I’ve been thinking about each of these blessings of Jesus, with the promise that I would suggest how to use them as a spiritual discipline.
Happiness for those who want no power over others:
The rule of heaven belongs to them
Happiness for those who grieve:
they will be comforted.
Happiness for the gentle:
they will possess the Land.
Happiness for those who hunger and thirst for justice:
they will be satisfied.
Happiness for those who show mercy:
mercy will be shown to them.
Happiness for those who have clean hearts:
they will see God.
Happiness for the peacemakers:
they will be called God’s children.
Happiness for those persecuted in the cause of good:
the rule of heaven belongs to them.
Happiness for you, when they hurt you and persecute you and slander you for my sake,
Be full of joy and delight
Because the reward which awaits you in heaven is huge.
For in the same way they persecuted your ancestors, the prophets.
Firstly, how can I think that any of these blessings applies to me? I’m not a spectacularly bad person, but nor am I sufficiently good to describe myself as merciful, or gentle, or a peacemaker, especially if these terms designate character traits that last over time. Doubtless Jesus hoped that they might become traits of character, but he offered them to disciples whom he knew to be flaky at times. We can conclude therefore that he did not intend them only for those who are settled in virtue.
Perhaps I can show how they can apply to me, if I take first the one that doesn’t look like a virtue:
happiness for those who grieve:
For they will be comforted.
If I really grieve, the truth of my sorrow links me with all who grieve even if the cause of my grief is different from theirs; no true grief is selfish but is open to being shared even if an actual act of sharing does not take place; shared grieving is one of the fundamental conditions of humanity. I can be reminded of this even when my own life is comparatively fortunate, if I open myself to another’s grief. In the recognition that bad things happen to all and bad things are done and said by all (except the great saints), there is a humour and a happiness that superficial people never know. It is a blessing of tears which promises a time when all tears will be wiped away. It is the happiness of those who grieve and can be discovered by honesty about my own suffering and openness to the suffering of others. Jesus’ blessing directs me towards this honesty and this openness.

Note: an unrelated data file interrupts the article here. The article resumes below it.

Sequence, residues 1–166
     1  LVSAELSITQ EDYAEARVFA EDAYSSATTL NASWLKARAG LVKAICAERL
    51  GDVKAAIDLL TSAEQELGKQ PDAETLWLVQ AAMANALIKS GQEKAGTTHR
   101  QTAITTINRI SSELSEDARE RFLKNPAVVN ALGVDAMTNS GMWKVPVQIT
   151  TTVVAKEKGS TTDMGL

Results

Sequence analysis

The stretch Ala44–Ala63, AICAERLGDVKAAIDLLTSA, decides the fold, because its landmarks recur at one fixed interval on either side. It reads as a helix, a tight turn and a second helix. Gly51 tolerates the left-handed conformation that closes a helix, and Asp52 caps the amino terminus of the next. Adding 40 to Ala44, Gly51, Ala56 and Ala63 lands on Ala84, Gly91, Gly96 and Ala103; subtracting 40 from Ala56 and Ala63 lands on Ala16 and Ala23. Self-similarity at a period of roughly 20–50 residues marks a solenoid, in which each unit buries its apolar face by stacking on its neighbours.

But really? Where can any promise of ultimate comfort come from, and without it, can human sharing of grief in any way match the vast and varied history of suffering? Goya looked closely at suffering in his etchings, “The disasters of war” which emphasise that there is no comfort, no possible redemption, as in this one which he entitled, “no hay quien los socorra” – there is no one to rescue them.
Are there any words which can assuage this man’s terrible grief? I’m inclined to say no, but then there is the evidence of the etching itself: another man has seen, and entered into it and borne witness with all his skill to this suffering, in such a way that his desire to share the burden of this poor man is not incredible. And if we could write the same words below an etching of the crucifixion, we might be able to see it as an image of God’s desire to share the burden of those whom no one has rescued. This identification of God with the grieving Jesus is itself resurrection, new life, tears washed away, happiness for all who mourn.
Whether the suffering is heavy or light, Jesus’ blessing invites the laughter of God’s rescue which is to come. I have particularly recognised this in moments when I am grieving my unworthiness for any of the other blessings of Jesus: even this grief, if it is genuine, can allow me to enter the place of shared humanity and shared happiness.
When I’m using the blessings as a spiritual discipline, therefore, I always start with this one, because the grief it blesses is always with me.